Background Road traffic crashes are a major cause of death and injury, especially in low and middle-income countries (LMICs). Improvements in prehospital trauma care can help minimise mortality and morbidity from road traffic injuries (RTIs) worldwide, particularly in LMICs with a high rate of RTIs such as Iran. The aim of current study was to explore barriers to and potential facilitators for providing effective prehospital trauma care for RTI victims in Iran based on the experience and perception of prehospital trauma care professionals.
Methods This study conducted using a grounded theory approach. Participants of the study were 15 prehospital trauma care professionals. The data collected via indepth interviews and were analysed using the constant comparative method. Results Seven categories emerged through data analysis: (1) administration and organisation, (2) staff qualifications and competences, (3) availability and distribution of resources, (4) communication and transportation, (5) involved organisations, (6) laypeople and (7) infrastructures. The lack of interaction and common understanding was identified as the core category. Moreover, a conceptual model was developed based on the categories.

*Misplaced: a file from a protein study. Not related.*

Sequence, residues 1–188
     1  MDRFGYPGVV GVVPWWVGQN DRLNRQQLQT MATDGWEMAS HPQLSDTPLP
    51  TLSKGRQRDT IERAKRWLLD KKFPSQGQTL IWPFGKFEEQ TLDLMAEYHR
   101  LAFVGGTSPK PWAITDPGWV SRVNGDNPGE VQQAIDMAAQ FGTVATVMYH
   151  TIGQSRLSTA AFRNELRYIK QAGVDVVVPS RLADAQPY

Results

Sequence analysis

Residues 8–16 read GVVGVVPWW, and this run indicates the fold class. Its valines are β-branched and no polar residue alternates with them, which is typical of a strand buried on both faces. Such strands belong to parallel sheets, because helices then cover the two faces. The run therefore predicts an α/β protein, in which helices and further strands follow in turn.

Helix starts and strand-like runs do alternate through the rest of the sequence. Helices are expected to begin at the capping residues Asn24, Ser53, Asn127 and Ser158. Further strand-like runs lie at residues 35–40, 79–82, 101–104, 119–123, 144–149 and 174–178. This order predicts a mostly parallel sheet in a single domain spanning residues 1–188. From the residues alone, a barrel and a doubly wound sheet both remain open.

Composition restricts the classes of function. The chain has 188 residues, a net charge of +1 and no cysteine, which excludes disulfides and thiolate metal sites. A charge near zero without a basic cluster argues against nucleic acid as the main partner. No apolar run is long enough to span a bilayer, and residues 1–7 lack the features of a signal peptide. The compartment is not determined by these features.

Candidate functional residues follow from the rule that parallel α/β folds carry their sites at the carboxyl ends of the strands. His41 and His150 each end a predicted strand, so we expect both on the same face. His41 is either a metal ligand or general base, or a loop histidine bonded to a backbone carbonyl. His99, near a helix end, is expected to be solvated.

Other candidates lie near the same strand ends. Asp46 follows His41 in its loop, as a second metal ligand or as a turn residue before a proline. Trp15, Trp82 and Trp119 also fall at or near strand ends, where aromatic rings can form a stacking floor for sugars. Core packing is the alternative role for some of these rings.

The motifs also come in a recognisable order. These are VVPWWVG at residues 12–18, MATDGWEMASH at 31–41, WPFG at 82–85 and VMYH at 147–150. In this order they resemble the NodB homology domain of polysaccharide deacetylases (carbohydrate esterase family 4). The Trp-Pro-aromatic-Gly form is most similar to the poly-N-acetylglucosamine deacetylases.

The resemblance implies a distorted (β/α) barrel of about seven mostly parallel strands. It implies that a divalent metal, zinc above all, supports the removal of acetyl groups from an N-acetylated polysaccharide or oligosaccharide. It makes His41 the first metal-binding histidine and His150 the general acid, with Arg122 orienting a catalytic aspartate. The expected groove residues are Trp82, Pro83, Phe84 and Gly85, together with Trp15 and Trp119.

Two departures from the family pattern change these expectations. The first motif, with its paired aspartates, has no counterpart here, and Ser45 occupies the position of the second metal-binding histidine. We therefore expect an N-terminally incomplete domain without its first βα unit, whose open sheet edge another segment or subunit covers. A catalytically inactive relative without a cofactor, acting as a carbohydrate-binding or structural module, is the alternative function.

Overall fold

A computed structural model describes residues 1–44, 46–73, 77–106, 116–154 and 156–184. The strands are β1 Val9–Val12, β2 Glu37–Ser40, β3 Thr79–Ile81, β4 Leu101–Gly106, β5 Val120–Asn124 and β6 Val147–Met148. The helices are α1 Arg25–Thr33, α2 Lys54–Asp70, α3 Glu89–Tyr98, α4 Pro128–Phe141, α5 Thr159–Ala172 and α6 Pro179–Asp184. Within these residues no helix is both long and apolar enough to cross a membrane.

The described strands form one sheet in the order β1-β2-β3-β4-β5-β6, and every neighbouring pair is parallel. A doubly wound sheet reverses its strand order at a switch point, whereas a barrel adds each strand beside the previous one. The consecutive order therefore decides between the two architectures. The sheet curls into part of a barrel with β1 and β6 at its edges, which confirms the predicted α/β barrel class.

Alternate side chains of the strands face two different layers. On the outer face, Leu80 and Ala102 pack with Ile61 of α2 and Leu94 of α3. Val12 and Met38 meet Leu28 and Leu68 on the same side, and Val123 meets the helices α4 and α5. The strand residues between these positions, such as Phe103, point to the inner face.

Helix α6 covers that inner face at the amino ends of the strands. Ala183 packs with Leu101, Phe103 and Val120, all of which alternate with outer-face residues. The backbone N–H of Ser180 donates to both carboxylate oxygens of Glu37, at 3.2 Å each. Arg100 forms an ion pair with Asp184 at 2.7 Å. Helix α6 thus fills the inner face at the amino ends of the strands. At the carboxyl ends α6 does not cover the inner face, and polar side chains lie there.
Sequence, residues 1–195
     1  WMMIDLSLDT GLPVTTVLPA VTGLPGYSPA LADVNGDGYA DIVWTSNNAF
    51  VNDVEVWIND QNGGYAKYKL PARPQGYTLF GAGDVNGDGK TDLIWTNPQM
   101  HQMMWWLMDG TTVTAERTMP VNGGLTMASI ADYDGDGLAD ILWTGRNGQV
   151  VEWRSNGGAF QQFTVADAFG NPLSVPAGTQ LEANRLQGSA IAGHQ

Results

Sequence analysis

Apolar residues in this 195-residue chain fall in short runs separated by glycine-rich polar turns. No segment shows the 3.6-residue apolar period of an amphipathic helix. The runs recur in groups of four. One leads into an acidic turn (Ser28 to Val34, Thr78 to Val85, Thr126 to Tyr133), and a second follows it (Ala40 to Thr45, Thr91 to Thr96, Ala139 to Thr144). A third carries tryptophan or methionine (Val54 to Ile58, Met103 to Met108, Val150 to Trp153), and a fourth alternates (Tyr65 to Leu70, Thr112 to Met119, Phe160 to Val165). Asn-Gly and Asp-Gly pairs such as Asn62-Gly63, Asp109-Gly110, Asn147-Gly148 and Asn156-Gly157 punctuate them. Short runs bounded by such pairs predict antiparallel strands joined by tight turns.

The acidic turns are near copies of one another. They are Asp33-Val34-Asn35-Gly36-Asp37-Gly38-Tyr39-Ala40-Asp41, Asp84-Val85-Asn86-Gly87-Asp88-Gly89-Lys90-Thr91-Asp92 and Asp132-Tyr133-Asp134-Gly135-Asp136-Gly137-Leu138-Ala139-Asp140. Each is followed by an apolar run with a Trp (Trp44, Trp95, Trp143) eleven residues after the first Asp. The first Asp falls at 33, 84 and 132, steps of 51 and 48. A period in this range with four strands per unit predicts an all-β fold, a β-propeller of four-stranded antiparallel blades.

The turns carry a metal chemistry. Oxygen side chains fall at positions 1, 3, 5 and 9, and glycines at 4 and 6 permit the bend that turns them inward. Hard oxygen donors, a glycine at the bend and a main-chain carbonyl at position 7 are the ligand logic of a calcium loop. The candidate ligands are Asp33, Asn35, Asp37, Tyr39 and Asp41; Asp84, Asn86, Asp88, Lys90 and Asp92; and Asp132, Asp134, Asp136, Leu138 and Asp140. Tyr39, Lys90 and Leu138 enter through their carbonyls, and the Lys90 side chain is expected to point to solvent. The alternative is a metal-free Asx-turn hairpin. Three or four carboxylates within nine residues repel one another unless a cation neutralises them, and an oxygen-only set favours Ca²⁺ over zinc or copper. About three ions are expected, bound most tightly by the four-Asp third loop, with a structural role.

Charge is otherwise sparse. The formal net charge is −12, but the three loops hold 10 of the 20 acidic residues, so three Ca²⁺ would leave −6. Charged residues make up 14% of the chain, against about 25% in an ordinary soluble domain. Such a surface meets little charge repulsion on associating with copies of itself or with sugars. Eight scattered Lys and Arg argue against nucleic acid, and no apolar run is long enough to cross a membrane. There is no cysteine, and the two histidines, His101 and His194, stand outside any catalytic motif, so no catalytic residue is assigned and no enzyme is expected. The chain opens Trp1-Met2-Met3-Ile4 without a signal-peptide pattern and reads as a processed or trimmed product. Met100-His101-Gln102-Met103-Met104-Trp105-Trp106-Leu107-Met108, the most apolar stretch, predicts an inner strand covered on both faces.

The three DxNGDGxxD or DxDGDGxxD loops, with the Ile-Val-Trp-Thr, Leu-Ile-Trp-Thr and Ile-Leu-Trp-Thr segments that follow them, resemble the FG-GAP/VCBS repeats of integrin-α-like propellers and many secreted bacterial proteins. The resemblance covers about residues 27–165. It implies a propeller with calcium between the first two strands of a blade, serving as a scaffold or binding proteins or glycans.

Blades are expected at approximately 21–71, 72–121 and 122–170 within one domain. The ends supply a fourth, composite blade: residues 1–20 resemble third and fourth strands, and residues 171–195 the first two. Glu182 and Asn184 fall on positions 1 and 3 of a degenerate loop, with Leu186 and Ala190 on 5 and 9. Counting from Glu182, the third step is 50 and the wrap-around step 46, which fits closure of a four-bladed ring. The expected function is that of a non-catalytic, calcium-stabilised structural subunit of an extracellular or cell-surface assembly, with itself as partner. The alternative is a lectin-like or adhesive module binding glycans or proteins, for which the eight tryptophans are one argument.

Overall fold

Conclusions According to the findings, improving the interaction within the current prehospital trauma care system and building a common understanding of the role of the emergency medical services were identified as the key issues for developing an effective prehospital trauma care system in the country.
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